The Federal Government's proposed introduction of a specific
complaint process for workplace bullying, with quick and cheap
access to the Fair Work Commission, recognises the serious impact
of workplace bullying and its importance as a work health and
It could however potentially lead to employees bypassing their
employers' own internal anti-bullying procedures.
What is – and isn't –
The Fair Work Act will be amended to define bullying, harassment
or victimisation as "repeated, unreasonable behaviour directed
towards a worker or a group of workers that creates a risk to
health and safety".
Bullying however will not include reasonable management
practices, such as performance management conducted in a reasonable
Taking a bullying complaint to the Fair Work
The Fair Work Commission will be required to list a complaint
for initial consideration within 14 days. It can make orders to
deal with the complaint on a final basis, or refer the matter to
the relevant state work health and safety regulator.
If it chooses to deal with a complaint on a final basis, the
Fair Work Commission can impose penalties of up to $33,000, as well
as make various orders, such as:
making orders requiring the employee's employer to do, or
not do, certain things to resolve the bullying complaint and
prevent further bullying;
making orders relating to the employee, or other employees at
the workplace, if required; and
publishing the orders to assist in preventing further bullying
at the workplace.
In addition to providing for the Commission to refer complaints
to state work health and safety regulators, the announcement also
provides for an expanded educative role for Safe Work Australia. It
will work with the States and Territories to develop training for
managers and health and safety representatives to help them to
better deal with workplace bullying.
What will this mean for employers and
Traditionally, there has been no specific national jurisdiction
dealing with allegations of workplace bullying, with cases being
fit within the framework of laws dealing with discrimination,
dismissal, adverse action, work health and safety, as well as
personal injuries. While there have been many adverse action claims
made to the former Fair Work Australia in relation to compliance
with laws and allegations of bullying creating an unsafe workplace,
this amendment will clearly define bullying as a separate cause of
action. It remains to be seen how the proposed amendments will
interact with these existing statutory and common law causes of
What is clear is that for a bullied employee, the fast-track to
the Fair Work Commission could induce them not to attempt going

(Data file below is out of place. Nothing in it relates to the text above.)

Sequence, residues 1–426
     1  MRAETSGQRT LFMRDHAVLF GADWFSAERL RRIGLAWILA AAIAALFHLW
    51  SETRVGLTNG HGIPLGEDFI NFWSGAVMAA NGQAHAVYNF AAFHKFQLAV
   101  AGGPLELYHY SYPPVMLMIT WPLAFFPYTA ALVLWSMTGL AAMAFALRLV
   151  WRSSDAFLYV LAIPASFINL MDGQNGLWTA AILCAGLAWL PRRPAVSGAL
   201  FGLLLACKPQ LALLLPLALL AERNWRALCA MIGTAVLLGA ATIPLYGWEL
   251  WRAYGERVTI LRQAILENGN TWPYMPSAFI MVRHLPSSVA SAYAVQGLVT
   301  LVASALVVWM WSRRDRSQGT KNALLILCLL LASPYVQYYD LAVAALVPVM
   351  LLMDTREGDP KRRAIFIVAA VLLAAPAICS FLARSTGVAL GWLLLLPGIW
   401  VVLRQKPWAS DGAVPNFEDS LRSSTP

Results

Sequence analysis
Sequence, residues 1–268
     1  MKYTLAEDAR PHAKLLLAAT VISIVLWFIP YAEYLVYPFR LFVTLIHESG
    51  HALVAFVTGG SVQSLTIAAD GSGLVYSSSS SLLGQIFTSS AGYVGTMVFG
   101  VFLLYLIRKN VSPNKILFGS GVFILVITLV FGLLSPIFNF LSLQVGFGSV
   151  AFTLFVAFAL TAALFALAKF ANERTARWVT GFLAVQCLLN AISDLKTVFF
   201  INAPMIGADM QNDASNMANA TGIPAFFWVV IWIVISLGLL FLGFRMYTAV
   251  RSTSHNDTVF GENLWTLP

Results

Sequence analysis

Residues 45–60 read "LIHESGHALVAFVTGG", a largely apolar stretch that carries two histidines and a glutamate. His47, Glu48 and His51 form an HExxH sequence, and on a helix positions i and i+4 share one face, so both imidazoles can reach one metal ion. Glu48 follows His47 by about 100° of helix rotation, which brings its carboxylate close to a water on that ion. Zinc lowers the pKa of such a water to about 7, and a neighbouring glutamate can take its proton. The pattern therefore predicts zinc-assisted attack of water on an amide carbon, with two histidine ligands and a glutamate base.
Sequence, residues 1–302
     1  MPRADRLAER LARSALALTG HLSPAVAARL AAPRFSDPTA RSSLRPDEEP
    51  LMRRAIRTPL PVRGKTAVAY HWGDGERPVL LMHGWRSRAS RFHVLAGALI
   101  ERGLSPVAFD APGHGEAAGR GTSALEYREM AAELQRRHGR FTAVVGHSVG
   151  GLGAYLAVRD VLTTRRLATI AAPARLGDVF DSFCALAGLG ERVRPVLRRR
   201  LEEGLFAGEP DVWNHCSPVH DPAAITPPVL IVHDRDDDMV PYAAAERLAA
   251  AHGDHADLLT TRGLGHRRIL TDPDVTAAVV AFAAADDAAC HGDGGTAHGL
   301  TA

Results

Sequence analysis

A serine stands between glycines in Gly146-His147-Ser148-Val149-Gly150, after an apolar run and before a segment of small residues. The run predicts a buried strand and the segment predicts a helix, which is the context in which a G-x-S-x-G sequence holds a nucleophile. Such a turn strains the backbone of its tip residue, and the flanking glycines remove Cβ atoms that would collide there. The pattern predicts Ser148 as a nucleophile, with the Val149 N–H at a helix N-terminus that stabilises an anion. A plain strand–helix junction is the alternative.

through their employer's own processes, but to go straight to
the Commission. This however will not necessarily result in a quick
resolution, as the complaint could be referred on.
Even if a complaint is referred to a state WH&S regulator,
the Fair Work Commission could retain a role if the employee also
makes an adverse action claim (for example, if he or she alleges
dismissal as a result of making the bullying complaint).
No draft legislation has been released, but the Government has
said it intends to have the changes implemented by 1 July 2013.
Clayton Utz communications are intended to provide
commentary and general information. They should not be relied upon
as legal advice. Formal legal advice should be sought in particular
transactions or on matters of interest arising from this bulletin.
Persons listed may not be admitted in all states and
To print this article, all you need is to be registered on Mondaq.com.
Click to Login as an existing user or Register so you can print this article.
Long experience representing many of Australia's leading employers has taught us that in employment litigation the identity of an employee's representative is a major factor in how employee litigation runs.
Treasurer Scott Morrison recently announced changes to a number of 2016 Budget superannuation contribution measures.
Some comments from our readers… “The articles are extremely timely and highly applicable” “I often find critical information not available elsewhere” “As in-house counsel, Mondaq’s service is of great value”
Register for Access and our Free Biweekly Alert for
This service is completely free. Access 250,000 archived articles from 100+ countries and get a personalised email twice a week covering developments (and yes, our lawyers like to think you’ve read our Disclaimer).